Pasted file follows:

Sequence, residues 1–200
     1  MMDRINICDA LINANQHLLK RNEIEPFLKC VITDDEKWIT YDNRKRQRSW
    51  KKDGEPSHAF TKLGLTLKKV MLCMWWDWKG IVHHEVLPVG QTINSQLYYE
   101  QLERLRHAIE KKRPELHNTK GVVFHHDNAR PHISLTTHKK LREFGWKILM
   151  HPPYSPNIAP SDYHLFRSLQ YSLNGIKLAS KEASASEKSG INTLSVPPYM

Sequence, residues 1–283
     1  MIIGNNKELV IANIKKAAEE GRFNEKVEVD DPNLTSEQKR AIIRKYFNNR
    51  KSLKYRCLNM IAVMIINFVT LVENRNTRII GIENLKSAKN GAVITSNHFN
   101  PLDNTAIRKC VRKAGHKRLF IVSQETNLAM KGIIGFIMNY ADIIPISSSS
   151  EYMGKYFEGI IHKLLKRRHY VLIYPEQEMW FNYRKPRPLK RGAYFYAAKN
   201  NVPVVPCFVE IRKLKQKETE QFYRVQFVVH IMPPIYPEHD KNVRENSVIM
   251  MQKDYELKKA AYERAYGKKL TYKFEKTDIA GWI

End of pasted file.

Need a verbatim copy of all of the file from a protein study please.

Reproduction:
Sequence, residues 1–200
     1  MMDRINICDA LINANQHLLK RNEIEPFLKC VITDDEKWIT YDNRKRQRSW
    51  KKDGEPSHAF TKLGLTLKKV MLCMWWDWKG IVHHEVLPVG QTINSQLYYE
   101  QLERLRHAIE KKRPELHNTK GVVFHHDNAR PHISLTTHKK LREFGWKILM
   151  HPPYSPNIAP SDYHLFRSLQ YSLNGIKLAS KEASASEKSG INTLSVPPYM

Sequence, residues 1–283
     1  MIIGNNKELV IANIKKAAEE GRFNEKVEVD DPNLTSEQKR AIIRKYFNNR
    51  KSLKYRCLNM IAVMIINFVT LVENRNTRII GIENLKSAKN GAVITSNHFN
   101  PLDNTAIRKC VRKAGHKRLF IVSQETNLAM KGIIGFIMNY ADIIPISSSS
   151  EYMGKYFEGI IHKLLKRRHY VLIYPEQEMW FNYRKPRPLK RGAYFYAAKN
   201  NVPVVPCFVE IRKLKQKETE QFYRVQFVVH IMPPIYPEHD KNVRENSVIM
   251  MQKDYELKKA AYERAYGKKL TYKFEKTDIA GWI